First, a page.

How much freedom and training do guides get? I was taught a tour then given the freedom to deviate. The 'same' tour is different depending what guide you get because we have different backgrounds and strengths. So arguably our tours are always new because they are forever changing with tour guide turnover and as guides get more experience at customizing tours for their group.

    Michael Kan
    Wing Luke Museum of the Asian Pacific American Experience
    Seattle WA

  • 9.  RE: Program Plans

    Posted 04-28-2016 10:06 AM

    Hi all,

    The Newport Preservation Society is planning on introducing a new app for their mansions.

    I cannot tell if it has been introduced yet, it was to allow visitors to use thier own devices as well as iPads provided by the Society.


    Ed Malouf

    Edward Malouf
    Principal, Content•Design Collaborative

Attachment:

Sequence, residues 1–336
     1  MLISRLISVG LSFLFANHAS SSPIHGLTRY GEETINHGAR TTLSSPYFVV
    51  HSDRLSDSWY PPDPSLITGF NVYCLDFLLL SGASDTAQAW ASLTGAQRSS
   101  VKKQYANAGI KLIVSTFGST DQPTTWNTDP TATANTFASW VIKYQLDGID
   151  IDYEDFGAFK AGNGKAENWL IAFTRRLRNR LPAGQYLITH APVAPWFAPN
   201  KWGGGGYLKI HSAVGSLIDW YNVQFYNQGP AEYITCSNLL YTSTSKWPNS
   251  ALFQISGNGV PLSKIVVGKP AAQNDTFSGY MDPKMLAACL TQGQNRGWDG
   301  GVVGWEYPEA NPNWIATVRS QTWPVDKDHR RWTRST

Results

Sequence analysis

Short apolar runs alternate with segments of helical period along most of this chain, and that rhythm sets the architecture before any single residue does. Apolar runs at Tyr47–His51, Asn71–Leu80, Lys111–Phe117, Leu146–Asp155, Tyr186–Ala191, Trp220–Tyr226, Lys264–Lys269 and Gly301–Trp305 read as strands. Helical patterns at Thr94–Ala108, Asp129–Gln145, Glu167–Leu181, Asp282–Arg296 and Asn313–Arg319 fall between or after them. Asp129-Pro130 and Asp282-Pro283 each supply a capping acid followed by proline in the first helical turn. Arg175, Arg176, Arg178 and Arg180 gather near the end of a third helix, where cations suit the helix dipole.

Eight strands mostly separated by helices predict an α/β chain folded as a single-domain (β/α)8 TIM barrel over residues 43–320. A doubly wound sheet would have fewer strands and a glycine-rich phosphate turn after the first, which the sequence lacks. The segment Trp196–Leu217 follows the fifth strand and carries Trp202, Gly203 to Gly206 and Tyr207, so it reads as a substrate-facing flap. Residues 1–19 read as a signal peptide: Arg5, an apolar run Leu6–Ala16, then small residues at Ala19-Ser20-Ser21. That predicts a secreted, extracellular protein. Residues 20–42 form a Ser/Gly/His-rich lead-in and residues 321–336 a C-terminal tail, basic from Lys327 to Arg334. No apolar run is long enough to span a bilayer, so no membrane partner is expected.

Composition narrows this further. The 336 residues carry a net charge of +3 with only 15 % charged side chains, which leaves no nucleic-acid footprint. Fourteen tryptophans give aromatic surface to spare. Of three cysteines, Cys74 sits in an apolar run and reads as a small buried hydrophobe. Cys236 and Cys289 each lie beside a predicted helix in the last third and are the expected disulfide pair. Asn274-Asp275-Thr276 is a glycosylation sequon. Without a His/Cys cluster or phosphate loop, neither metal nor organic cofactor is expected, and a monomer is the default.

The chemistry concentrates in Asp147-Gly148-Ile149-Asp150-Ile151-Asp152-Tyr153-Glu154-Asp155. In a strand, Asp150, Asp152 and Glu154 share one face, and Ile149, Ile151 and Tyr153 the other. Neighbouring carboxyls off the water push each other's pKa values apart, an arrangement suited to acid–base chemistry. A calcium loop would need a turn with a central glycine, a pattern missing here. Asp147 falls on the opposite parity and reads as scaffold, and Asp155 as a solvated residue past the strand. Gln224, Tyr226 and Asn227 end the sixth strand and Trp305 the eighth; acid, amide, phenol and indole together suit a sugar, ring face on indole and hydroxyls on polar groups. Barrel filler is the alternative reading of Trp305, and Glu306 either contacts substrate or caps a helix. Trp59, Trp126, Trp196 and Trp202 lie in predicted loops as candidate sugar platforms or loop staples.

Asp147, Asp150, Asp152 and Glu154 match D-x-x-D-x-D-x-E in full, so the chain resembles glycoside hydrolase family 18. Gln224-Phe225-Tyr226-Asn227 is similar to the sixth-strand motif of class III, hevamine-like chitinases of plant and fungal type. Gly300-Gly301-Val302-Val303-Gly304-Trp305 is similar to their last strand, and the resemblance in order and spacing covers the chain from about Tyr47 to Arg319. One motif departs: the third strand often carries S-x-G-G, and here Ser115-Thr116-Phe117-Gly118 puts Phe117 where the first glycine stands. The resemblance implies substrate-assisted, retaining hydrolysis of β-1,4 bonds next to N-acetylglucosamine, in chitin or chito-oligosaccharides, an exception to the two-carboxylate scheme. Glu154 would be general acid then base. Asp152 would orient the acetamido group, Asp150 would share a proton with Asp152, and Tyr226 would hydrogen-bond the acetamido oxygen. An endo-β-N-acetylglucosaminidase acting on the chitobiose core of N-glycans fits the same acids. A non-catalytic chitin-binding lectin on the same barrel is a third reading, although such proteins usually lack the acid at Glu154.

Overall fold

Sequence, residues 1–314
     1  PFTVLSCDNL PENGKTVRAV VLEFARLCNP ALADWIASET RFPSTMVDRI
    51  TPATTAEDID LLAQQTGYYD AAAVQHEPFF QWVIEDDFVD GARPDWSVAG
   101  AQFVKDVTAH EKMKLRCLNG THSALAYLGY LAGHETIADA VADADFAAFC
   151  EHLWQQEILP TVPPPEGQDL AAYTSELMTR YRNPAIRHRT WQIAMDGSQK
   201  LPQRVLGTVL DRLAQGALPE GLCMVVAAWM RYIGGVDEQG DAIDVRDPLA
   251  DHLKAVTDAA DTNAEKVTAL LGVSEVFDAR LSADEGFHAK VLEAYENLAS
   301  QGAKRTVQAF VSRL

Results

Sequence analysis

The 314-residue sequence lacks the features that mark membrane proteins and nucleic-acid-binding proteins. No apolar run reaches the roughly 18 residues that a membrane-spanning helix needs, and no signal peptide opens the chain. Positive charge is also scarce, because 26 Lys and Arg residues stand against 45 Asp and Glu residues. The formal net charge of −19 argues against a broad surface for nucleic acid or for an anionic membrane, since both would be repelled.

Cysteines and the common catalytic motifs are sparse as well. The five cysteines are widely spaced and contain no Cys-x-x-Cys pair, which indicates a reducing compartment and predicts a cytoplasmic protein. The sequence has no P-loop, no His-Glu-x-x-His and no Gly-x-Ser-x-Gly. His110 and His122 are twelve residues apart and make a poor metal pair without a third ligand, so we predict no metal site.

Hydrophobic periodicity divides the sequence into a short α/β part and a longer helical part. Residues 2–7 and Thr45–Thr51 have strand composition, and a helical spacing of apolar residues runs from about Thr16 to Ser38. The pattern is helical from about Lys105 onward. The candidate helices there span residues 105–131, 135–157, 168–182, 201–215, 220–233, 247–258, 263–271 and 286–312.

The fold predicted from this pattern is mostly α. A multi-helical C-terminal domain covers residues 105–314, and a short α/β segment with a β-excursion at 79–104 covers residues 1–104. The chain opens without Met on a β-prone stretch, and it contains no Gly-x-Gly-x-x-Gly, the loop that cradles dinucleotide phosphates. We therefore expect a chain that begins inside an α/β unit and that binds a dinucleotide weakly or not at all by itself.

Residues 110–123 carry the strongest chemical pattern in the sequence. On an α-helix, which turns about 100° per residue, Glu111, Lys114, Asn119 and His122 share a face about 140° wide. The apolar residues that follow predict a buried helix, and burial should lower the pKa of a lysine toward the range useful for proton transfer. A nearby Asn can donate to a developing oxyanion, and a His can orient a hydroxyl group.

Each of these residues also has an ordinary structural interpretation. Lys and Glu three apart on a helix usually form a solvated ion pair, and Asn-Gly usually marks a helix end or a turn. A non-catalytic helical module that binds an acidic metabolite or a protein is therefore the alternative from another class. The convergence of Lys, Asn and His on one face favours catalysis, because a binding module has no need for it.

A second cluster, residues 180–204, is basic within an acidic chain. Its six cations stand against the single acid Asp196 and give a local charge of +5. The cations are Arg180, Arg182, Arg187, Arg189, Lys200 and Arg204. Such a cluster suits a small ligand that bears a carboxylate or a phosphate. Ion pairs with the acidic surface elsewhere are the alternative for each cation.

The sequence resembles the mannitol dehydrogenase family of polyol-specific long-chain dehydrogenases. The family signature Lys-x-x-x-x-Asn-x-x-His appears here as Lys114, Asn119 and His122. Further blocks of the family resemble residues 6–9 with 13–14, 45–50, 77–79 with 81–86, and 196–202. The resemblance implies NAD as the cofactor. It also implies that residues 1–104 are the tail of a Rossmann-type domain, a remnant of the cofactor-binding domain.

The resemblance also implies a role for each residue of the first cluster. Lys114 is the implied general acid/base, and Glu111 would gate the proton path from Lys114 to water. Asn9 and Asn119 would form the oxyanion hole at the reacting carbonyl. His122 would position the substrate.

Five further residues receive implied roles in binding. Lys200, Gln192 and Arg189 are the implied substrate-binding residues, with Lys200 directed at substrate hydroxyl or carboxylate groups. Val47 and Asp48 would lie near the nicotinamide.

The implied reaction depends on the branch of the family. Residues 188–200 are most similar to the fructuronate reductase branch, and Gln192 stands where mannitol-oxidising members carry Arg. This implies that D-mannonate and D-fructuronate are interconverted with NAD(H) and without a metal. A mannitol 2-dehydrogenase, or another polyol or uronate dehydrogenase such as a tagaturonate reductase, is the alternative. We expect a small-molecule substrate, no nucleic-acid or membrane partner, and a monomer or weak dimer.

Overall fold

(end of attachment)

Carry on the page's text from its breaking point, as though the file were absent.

• 10.  RE: Program Plans

    Posted 04-28-2016 12:18 PM


    You might contact Pilar Garro, Castle Hill Site Engagement Manager at, to discuss the “engagement plan” that I developed for their 2,100-acre site in Ipswich, Massachusetts. One of the biggest challenges involved overhauling the visitor experience at their 59-room “Great House.” A colleague of mine, Dale Jones/Making History Connections, and I developed a range of ideas for breaking the stranglehold of the traditional, information-dumping guided tour that was attracting (or boring) fewer and fewer visitors. Those ideas included various themed experiences facilitated by costumed interpreters and re-trained guides, hands-on participatory activities, new creative uses of interior and exterior spaces, and the incorporation of theater, audio, video, and smartphone technology..

    Dale later worked with Pilar to design and implement a new core tour experience ("Guest of the Cranes") which entailed developing new content and training a mostly-new corps of guides. While this was just one of the many changes proposed by the engagement plan, it arguably will have an out-sized impact on public perception of the site and the staff’s attitude toward serving visitors. I can only hope so, as a plan that doesn’t change people’s mindset (and empower them to make something happen) is simply a new laundry list that soon will be ignored.